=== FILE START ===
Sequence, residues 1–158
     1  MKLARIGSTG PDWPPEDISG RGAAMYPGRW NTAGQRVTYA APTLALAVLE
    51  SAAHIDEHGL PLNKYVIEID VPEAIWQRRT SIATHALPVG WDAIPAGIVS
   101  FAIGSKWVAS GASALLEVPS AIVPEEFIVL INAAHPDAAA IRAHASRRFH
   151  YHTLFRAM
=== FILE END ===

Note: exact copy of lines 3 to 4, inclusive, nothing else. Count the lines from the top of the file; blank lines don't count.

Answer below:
    51  SAAHIDEHGL PLNKYVIEID VPEAIWQRRT SIATHALPVG WDAIPAGIVS
   101  FAIGSKWVAS GASALLEVPS AIVPEEFIVL INAAHPDAAA IRAHASRRFH